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Postby MiToVo » Tue Jul 12, 2016 5:50 pm


So, I was looking a bit at the ZeoGraph, reading some of the info for it, etc.

I saw Aaron introduce it as "Hey, here's this cool plugin I've created", and I've seen people praising it, but I feel like I missed some important information somewhere, because I have no idea what its intended use is.

Is this an alternative way to create maps, using "nodes" rather than design map, heightmap, etc? Is it intended to be used in tandem with those methods? Is it something like World Machine where you can create environments from scratch via control nodes?

I've looked up more info on it, but it seems there's no actual explanation or overview of what its intended use or application is, or how a workflow might benefit from it, etc. Further, are there any visual examples of things people have done with it, to illustrate what it can do as opposed to the standard approach (design map, etc)?

Thanks for any info/insight y'all can provide!
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Re: ZeoGraph

Postby Aaron » Fri Jul 15, 2016 1:08 pm

Hi MiToVo,

I apologise for the general lack of documentation or tutorials for ZeoGraph. I'll do my best to answer as fulsomely as I can:

Is this an alternative way to create maps, using "nodes" rather than design map, heightmap, etc? Is it intended to be used in tandem with those methods? Is it something like World Machine where you can create environments from scratch via control nodes?

Yes, yes, and somewhat.

You can certainly make make heightmaps without the design map using "nodes" (ZeoGraph term is "filters", as in filter graphs). ZeoGraph certainly doesn't have the same fantastic variety of filters/nodes as World Machine, but the concept is fundamentally pretty similar (I imagine; I haven't really kept up to date with WM).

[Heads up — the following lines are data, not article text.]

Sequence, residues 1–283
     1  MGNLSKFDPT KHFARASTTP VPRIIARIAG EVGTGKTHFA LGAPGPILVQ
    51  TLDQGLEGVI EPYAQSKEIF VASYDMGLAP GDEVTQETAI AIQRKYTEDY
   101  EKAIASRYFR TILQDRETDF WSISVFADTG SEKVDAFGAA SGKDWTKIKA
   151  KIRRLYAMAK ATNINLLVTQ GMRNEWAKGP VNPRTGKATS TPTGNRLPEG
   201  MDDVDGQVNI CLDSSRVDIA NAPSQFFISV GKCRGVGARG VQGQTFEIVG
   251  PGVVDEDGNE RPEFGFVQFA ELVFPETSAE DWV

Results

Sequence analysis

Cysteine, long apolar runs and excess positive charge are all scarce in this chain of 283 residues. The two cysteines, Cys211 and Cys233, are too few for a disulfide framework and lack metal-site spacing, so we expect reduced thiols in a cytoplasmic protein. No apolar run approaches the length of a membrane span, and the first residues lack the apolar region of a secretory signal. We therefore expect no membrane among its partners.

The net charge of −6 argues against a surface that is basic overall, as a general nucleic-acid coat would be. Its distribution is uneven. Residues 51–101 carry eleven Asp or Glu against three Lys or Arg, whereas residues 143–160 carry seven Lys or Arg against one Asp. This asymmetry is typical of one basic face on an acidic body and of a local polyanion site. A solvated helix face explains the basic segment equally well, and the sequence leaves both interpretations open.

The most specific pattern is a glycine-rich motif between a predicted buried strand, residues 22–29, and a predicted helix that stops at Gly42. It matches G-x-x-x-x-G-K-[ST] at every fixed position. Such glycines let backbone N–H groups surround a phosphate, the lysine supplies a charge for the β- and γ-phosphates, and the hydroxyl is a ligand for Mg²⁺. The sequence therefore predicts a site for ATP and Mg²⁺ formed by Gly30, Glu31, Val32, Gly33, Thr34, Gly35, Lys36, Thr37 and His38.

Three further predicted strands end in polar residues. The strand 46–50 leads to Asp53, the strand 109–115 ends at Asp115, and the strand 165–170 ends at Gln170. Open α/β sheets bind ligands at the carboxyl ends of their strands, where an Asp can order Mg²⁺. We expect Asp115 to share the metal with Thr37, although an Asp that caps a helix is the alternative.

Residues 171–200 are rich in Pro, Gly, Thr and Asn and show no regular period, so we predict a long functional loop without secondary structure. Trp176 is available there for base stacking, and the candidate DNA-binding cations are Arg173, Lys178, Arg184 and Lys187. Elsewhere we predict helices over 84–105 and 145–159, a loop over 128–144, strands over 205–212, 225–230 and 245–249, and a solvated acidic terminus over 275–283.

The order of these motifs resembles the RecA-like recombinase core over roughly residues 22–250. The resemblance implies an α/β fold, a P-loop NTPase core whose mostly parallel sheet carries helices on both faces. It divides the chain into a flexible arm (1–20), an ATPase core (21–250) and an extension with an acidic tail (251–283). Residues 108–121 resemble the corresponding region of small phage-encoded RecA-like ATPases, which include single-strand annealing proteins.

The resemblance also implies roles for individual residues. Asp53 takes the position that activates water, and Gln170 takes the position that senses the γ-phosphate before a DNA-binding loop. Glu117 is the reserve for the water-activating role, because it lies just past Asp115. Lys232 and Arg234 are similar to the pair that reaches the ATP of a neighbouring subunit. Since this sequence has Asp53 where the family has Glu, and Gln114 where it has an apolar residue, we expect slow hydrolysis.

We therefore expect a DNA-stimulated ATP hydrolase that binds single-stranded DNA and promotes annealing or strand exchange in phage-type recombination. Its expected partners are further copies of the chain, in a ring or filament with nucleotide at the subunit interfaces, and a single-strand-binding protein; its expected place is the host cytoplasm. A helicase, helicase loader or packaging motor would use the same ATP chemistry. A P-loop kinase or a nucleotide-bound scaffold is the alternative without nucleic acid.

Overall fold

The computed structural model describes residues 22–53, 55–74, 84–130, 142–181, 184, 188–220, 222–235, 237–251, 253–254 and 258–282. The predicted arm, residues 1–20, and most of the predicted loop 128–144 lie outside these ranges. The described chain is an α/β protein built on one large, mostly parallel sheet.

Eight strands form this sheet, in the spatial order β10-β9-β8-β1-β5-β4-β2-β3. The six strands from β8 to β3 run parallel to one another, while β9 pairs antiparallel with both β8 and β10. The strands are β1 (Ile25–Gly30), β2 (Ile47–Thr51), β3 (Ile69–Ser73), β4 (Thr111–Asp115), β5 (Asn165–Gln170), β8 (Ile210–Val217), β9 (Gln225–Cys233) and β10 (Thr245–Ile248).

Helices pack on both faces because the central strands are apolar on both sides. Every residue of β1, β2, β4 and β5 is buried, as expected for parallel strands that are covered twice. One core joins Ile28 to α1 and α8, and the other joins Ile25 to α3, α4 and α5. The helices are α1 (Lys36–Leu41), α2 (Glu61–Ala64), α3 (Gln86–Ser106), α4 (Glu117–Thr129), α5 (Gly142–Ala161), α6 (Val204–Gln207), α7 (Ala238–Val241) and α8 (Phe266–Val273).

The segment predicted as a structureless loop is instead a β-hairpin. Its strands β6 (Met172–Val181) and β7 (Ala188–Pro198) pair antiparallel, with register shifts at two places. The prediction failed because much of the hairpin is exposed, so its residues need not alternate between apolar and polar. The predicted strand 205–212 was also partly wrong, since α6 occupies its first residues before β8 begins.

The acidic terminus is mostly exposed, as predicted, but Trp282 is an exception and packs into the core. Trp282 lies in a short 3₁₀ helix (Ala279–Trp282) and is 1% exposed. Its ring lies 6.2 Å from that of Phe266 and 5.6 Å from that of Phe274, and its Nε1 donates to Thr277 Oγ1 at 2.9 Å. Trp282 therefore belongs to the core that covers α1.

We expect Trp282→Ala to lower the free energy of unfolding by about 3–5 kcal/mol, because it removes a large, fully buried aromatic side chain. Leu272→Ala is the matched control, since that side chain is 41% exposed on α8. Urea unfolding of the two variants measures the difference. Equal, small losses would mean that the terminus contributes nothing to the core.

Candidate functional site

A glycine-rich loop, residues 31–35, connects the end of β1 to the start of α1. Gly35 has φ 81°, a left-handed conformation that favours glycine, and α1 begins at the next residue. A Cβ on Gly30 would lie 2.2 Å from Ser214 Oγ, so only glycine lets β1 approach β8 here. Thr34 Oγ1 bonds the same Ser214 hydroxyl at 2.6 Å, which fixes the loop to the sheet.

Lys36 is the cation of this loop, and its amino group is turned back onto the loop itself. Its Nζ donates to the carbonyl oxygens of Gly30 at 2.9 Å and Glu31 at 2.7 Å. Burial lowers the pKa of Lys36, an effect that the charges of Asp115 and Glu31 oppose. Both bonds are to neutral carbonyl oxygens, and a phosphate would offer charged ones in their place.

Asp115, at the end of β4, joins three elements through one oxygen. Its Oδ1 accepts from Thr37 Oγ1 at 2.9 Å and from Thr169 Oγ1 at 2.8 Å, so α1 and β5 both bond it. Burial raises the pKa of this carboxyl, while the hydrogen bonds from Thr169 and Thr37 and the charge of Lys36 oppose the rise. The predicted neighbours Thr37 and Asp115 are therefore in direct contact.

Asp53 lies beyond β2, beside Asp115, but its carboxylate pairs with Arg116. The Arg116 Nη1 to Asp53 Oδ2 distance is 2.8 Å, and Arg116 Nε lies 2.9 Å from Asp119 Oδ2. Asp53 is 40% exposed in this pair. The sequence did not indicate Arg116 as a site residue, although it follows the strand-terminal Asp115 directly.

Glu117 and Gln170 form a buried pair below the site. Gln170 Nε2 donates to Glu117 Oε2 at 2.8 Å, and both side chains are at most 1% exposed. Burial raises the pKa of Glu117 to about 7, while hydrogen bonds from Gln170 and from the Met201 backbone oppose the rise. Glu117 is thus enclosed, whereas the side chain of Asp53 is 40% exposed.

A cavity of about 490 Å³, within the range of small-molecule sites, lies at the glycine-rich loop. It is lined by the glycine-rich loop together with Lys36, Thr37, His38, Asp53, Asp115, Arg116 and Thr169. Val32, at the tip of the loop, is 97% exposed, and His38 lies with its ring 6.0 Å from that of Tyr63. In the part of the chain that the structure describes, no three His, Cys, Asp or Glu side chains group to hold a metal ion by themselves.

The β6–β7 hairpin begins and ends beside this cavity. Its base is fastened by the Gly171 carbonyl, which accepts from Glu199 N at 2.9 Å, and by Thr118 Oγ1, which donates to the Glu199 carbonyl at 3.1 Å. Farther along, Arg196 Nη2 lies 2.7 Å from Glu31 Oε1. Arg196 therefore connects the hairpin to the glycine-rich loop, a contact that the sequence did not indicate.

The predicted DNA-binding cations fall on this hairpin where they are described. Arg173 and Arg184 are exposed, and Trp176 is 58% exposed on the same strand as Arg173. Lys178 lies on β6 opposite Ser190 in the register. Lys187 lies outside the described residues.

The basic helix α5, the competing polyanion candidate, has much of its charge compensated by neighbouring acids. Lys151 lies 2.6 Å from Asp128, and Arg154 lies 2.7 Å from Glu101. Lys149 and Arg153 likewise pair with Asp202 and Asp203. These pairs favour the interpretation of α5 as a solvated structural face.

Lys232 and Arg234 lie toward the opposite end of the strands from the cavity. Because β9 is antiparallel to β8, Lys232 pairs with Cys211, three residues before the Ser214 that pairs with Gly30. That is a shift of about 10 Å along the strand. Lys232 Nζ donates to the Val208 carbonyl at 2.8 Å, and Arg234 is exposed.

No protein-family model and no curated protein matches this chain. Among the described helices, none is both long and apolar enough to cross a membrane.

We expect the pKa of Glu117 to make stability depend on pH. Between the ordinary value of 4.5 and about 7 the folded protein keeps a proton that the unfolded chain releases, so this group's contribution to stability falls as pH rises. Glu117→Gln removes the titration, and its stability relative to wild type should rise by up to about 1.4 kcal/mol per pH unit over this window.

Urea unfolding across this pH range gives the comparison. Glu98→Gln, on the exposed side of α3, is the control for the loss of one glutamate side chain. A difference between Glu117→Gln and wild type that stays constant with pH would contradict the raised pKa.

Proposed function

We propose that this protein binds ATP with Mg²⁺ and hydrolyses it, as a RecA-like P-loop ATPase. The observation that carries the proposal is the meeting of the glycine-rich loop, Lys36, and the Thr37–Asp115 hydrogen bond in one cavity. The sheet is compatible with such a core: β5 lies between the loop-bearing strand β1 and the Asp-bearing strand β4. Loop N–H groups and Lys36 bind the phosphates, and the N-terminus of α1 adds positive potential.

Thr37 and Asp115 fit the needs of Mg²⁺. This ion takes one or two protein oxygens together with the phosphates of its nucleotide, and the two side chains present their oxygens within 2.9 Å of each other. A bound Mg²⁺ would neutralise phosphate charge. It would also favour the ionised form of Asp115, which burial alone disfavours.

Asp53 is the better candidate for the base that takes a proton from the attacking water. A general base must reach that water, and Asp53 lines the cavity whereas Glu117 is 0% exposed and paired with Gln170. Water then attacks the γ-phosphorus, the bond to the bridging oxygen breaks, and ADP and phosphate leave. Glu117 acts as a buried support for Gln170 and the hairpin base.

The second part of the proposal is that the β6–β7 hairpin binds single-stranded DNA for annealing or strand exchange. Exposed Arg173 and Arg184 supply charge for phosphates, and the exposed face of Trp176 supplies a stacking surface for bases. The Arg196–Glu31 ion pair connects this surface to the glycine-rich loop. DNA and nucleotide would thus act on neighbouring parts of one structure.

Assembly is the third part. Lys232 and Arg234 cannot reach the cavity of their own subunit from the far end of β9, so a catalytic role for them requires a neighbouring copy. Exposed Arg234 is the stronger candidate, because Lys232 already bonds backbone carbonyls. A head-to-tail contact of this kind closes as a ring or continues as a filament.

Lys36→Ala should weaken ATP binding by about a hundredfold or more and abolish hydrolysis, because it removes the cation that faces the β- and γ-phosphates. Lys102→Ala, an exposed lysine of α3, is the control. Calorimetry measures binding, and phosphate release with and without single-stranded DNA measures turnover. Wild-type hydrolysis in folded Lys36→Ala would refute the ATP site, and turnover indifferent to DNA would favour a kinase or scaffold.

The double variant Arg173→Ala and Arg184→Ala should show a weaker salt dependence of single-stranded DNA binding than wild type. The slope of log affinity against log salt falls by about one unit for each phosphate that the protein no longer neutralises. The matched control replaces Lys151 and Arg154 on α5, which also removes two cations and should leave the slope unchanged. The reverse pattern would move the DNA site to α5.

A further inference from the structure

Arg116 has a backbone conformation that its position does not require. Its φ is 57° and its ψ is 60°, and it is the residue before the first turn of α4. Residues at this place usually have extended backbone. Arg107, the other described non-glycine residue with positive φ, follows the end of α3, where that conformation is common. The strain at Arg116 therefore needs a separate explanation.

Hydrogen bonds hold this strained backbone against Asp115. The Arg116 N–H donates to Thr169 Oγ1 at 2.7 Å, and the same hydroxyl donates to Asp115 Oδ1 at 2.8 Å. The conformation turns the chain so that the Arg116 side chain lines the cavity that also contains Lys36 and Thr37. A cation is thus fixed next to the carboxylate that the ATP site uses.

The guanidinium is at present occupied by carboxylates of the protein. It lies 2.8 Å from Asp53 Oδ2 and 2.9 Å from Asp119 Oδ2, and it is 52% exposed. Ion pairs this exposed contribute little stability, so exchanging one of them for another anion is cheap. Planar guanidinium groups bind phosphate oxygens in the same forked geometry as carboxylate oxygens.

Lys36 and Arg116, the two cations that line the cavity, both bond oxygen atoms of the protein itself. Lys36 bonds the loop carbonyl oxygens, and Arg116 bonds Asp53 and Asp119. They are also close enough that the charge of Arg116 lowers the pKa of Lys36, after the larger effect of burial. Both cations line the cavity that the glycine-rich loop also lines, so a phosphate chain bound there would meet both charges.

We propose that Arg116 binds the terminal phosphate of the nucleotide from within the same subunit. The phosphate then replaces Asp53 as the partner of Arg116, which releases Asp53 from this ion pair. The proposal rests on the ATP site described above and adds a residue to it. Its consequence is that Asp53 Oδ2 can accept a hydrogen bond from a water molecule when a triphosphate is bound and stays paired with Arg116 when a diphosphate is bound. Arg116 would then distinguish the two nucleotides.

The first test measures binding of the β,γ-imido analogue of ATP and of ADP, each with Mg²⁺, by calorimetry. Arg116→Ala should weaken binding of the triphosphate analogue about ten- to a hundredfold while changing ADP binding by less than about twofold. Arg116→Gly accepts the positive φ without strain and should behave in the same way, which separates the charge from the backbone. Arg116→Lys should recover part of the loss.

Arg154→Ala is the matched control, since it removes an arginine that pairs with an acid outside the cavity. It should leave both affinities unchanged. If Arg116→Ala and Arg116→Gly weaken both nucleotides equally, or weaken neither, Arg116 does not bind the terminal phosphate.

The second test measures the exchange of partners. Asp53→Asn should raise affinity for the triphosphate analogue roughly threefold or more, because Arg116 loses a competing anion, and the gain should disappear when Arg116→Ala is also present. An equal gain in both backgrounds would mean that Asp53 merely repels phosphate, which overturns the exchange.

You can also use ZeoGraph to modify heightmaps generated by the usual design/inflate method. There are at the time of writing some 41 filters for modifying or manipulating a heightfield:


...not to mention a further set of filters for performing operations on generic maps (including heightfields, but also colour maps, etc.), including resizing / rotating / transforming / loading / saving / etc:


There are also a bunch of filters for performing simple arithmetic or logic operations, which you can think of as sort of a visual scripting language. This can be useful for modifying numeric outputs from one filter to feed into another filter (filters don't just pass maps around, they can pass numbers, text strings, arbitrary data structures, etc.) There's even a filter for popping up an edit window to change the values of one or more numeric/text parameters, so you can create a basic user interface for a calculation in ZeoGraph.

If you need more heavy-duty customisation, there is a 'ZeoScript' filter, which you can use to run custom script commands. This scripting filter can read inputs, write outputs, and generally do whatever it wants to do (scripts are quite free to mess with just about anything inside L3DT, and can even read and write arbitrary binary or text files). Scripts can be used to call other 3rd party plugins, which can themselves do just about anything Windows lets them do (run other programs, connect to the internet, etc.)